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United States: Pennsylvania Moves Toward Rare Constitutional Change

(Dec. 31, 2013) On December 17, 2013, the Pennsylvania House of Representatives approved two bills that would amend article II, section 16 of the Constitution of Pennsylvania to reduce the membership of both houses of the state legislature, the General Assembly. (The Constitution of Pennsylvania, art. II, § 16,, Pennsylvania General Assembly website (last visited Dec. 27, 2013).House Bill 1234 would reduce the size of the House from 203 to 153 members, while House Bill 1716 would reduce the size of the Senate from 50 to 38 seats. (H.B. 1234, 2013-2014 Gen. Assemb., Reg. Sess. (Pa. 2013); H.B. 1716, 2013-2014 Gen. Assemb., Reg. Sess. (Pa. 2013).)

Despite passage in the House, under the Pennsylvania Constitution’s article XI, both bills have a long road ahead of them before they could become constitutional amendments. (The Constitution of Pennsylvania, art. XI). First, the bills would have to be passed by the state Senate after it reconvenes on January 7. (Id.) The bills would then have to be passed again by both the Pennsylvania House and the Senate in the next elected General Assembly. (Id.) The matter would then be placed on the ballot for consideration by Pennsylvania voters. (Id.) If approved, the amendment would be implemented in the first General Assembly that follows the reapportionment. (Id.)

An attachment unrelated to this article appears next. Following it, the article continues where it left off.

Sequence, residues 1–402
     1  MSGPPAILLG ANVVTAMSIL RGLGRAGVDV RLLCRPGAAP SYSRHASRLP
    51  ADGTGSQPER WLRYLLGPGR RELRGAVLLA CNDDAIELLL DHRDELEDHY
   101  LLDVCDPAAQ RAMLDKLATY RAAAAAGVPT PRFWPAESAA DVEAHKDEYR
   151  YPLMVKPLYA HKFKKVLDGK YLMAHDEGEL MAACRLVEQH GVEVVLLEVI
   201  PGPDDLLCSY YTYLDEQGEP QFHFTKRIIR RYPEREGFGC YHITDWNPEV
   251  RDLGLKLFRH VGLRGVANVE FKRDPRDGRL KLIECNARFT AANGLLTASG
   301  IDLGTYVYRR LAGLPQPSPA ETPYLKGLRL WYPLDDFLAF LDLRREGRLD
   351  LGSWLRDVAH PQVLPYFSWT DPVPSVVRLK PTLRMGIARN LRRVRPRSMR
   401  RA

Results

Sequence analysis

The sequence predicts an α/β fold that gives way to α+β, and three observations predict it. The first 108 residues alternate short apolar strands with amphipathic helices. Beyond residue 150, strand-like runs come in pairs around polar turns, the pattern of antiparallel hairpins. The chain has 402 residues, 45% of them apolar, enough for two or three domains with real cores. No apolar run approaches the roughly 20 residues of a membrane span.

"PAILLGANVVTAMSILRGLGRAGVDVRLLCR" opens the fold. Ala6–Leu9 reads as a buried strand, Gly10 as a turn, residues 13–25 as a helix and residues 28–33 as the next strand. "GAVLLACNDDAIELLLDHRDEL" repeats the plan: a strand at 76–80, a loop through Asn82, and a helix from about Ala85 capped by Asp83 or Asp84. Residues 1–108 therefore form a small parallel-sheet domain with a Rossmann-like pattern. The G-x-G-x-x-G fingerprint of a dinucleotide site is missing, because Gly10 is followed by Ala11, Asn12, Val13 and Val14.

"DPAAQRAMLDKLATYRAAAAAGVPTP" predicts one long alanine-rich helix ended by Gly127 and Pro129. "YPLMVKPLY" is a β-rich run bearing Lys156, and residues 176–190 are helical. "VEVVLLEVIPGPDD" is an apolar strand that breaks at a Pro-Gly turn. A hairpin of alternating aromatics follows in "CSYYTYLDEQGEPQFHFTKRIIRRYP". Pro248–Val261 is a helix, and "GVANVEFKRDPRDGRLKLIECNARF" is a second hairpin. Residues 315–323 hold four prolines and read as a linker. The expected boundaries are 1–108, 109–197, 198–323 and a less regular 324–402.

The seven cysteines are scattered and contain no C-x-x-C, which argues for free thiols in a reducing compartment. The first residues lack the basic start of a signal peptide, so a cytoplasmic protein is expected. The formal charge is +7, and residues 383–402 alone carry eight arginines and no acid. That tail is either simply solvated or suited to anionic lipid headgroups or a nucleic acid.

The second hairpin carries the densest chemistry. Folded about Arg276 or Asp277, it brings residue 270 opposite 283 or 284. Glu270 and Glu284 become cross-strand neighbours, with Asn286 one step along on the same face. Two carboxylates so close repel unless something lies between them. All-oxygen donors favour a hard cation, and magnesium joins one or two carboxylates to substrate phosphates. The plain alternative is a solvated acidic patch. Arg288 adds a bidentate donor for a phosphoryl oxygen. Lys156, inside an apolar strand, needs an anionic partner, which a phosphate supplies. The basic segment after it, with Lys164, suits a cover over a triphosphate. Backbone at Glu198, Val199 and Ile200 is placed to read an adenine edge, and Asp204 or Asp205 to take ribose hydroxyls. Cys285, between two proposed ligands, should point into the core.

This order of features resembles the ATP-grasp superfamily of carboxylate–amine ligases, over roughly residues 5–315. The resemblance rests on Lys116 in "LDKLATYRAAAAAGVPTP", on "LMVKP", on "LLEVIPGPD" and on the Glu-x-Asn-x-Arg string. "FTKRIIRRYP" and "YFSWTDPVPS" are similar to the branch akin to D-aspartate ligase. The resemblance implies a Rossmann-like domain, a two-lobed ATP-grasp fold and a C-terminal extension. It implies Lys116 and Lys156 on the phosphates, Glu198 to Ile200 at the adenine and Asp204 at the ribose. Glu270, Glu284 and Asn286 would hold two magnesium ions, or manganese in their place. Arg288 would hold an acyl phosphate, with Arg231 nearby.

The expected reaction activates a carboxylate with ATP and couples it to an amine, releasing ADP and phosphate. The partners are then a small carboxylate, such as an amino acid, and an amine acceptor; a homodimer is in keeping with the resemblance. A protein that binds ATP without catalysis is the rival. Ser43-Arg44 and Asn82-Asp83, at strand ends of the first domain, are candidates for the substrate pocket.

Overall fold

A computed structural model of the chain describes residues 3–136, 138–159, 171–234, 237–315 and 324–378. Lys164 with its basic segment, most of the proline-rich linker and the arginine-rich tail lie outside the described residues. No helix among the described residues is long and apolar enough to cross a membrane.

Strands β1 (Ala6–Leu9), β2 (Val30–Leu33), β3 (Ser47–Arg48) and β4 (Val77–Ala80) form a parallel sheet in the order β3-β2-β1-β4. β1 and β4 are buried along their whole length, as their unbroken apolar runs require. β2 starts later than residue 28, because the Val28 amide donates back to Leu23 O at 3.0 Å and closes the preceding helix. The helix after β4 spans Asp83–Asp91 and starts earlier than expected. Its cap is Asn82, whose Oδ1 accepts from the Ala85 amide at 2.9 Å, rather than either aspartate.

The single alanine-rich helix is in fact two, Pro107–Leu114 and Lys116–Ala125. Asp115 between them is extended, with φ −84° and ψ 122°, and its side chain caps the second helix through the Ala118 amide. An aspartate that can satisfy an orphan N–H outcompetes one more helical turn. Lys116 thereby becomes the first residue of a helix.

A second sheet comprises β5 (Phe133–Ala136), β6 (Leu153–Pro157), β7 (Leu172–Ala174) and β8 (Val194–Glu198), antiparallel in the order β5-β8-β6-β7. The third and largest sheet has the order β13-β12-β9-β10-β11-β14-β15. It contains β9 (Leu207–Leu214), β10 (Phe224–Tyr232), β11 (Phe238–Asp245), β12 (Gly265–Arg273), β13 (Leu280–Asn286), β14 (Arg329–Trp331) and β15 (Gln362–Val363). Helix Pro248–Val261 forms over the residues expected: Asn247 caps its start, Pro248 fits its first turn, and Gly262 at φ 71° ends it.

Such changes to the size of a state legislative body have become rare in recent years. According to the National Conference of State Legislatures, a non-governmental organization that provides 50-state policy and legislative research to state legislators and their staff, 34 states altered their size during the 1960s and 1970s, but only five states have done so since 1990. (Sizes of Legislatures, National Conference of State Legislatures website (last visited Dec. 26, 2013).)